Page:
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Thread: Making lunch for a visitor

  1. #1
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    Making lunch for a visitor

    Next week the Russian piano technician is coming to my house to spend 4 hours fixing up my piano at a drastically reduced price. I want to make him a Russian lunch with a Russian goody dessert. (I like dessert and from the looks of Dmitry, I think he does too.) I've found several websites devoted to Russian cuisine. I'm not sure what to make, though. I looked at Borcsh. It sounds easy enough, but is it any good? I don't think I've eaten a beet in my life! Would borcsh and bread be a suitable lunch? I'd appreciate other suggestions as well. I am a decent cook and am accustomed to spending hours cooking from scratch. I want something really tasty for dessert. Bliny sounds good to me, but what else is there?

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    Борщ is very delicious, I like it very much! I recommend you to make пельмени (http://shininghappypeople.net/rwotd/...12/pelmeni.jpg). They are very tasty!
    In my opinion, блины are more some kind of dessert.

  3. #3
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    mmmmmm.. you can try "селедка под шубой" (maybe in English: "herring under the blanket"). This is salad.
    And for dessert = Napoleon (cake).

    And also for dessert:
    кисель (Kissel)
    шарлоттка (Russian apple cake (Sharlotka)) = I think this is easy for cooking.

  4. #4
    zxc
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    I love pirozhki, so I vote you make those (and then mail me the leftovers ).

    Piroshki

    This recipe is for a cabbage filling, but like it says you can pretty much use anything tasty as a filling.

  5. #5
    Завсегдатай Throbert McGee's Avatar
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    I agree with the recommendation of пельмени, which can be roughly compared to meat-filled ravioli or Chinese "pot sticker" dumplings, though in my opinion, they're tastier than either of those! But pelmeni can be intimidating for a first-timer to make totally from scratch -- unless you've got quite a lot of prior experience making and working with homemade pasta dough.

    However, I've made pelmeni very successfully using a homemade meat filling and packaged wonton-wrappers from the supermarket (which obviously saves time with making, rolling, and cutting the dough). It'll still probably take you an hour to fill/wrap the dumplings, but you can do this way ahead of time and store them in the freezer. Then, you drop the frozen pelmeni into boiling-hot water (or better yet, chicken or beef bouillon), boil them 7 or 8 minutes, drain, and serve with accompaniments like sour cream, flavored vinegar, melted butter, and chopped dill and/or cilantro. (I studied Russian in college 20 years ago, and when I lived in Moscow 1993-94 as an ESL teacher, I was surprised at how popular cilantro was in Russian cooking... I had only associated it with Mexican food.)

    Anyway, If you think you want to try this option, let me know -- somewhere on my computer I already have a recipe for "wonton-wrapper pelmeni" typed up, so I can send it or post it.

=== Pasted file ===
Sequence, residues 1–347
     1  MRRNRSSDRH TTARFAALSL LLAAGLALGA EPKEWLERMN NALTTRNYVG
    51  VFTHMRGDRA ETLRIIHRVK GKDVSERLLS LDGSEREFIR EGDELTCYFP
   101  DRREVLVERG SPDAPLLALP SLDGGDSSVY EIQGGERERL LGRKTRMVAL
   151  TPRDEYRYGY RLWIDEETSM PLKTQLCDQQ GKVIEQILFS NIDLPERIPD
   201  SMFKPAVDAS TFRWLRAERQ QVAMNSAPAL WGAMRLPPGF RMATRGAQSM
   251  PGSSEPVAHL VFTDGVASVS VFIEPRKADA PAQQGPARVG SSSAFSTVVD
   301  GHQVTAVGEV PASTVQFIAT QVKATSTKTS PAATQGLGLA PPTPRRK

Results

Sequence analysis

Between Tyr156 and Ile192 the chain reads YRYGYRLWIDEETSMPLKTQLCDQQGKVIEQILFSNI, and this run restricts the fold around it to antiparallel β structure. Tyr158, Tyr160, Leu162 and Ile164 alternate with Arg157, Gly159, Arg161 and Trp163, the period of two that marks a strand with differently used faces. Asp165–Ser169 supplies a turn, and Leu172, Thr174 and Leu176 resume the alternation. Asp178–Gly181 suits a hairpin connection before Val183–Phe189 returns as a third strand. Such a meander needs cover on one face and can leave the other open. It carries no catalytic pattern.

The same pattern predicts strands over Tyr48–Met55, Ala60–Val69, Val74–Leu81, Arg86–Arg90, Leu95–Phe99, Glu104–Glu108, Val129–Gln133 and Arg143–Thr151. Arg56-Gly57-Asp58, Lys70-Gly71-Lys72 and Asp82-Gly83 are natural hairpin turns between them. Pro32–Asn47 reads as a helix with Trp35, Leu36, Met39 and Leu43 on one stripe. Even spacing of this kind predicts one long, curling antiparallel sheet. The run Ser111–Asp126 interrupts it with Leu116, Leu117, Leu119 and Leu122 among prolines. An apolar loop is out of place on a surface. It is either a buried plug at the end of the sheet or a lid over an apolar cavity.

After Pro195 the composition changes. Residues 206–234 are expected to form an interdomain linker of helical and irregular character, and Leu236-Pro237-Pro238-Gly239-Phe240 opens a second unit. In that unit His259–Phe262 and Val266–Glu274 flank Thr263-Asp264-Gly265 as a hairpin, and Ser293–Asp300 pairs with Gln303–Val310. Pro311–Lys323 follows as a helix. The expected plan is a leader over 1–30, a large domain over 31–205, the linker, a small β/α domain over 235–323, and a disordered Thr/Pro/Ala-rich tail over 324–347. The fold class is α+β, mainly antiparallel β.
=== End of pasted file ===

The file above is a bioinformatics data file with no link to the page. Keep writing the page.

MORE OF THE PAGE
Another very, very Russian lunch entree to make would be котлеты -- which are essentially jumbo, oval-shaped meatballs that are rolled in bread crumbs and sauteed in a big skillet so that they are brown, slightly dry, and crusty on the outside, but moist and juicy on the inside. Kotlety recipes often start with a фарш (ground meat mixture) that's half beef and half pork, but of course you can substitute turkey, lamb, veal, chicken, etc. depending on your tastes. And they're often served without any kind of sauce, so that people can add their own condiments (sour cream, mustard, A-1 sauce, etc.) to taste. Of course, котлеты are quite easy to make, so these are a good choice for an entree if you plan to do a fancy, labor-intensive dessert.
    Говорит Бегемот: "Dear citizens of MR -- please correct my Russian mistakes!"

  6. #6
    Завсегдатай Throbert McGee's Avatar
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    By the way, Christineka, what part of the planet are you from? I mean, is it easier for you to work with recipes that are worded:

    add 3/4 cup graham-cracker crumbs, and preheat oven to 350ºF

    or:

    add 90g finely crushed digestive biscuits, and preheat oven to Gas Mark 4 / 180ºC

    ?



    Me, I'm from Пиндостан, and thus I'm used to using American cooking terminology and non-metric measurements, but I've learned from experience that when trading recipes online, it's always best to ask "where are you from?" so that there's no confusion.

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    Throbert, I'd like those recipes. I have visions of making my own dough, but in case I don't, the easier alternative would be good. (I have only once managed to get myself to make tortillas.) I have used metric system directions before, but I'd much prefer the US directions. Thanks!

    I was thinking of perhaps making torte for dessert. It sounds good and like something I could make a day in advance.

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    Завсегдатай chaika's Avatar
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    You've never eaten BEETS? One of my fave vegetables. Make a cold borshch, with lots of sour cream.

    Or you could make Olivier Salad оливье салат - Google Search . Throw in some shredded beets!

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    I found a chocolate torte recipe. I'm almost definitely going to make it. Even if I do have to do math to figure out the recipe.

  10. #10
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    Quote Originally Posted by Throbert McGee View Post
    Me, I'm from Пиндостан
    This might be offtop, but do you know what the word marked bold actually means in Russian? You seem to have been using it and some its forms for quite long, but I bet if you knew what it means, you wouldn't...

  11. #11
    Завсегдатай Throbert McGee's Avatar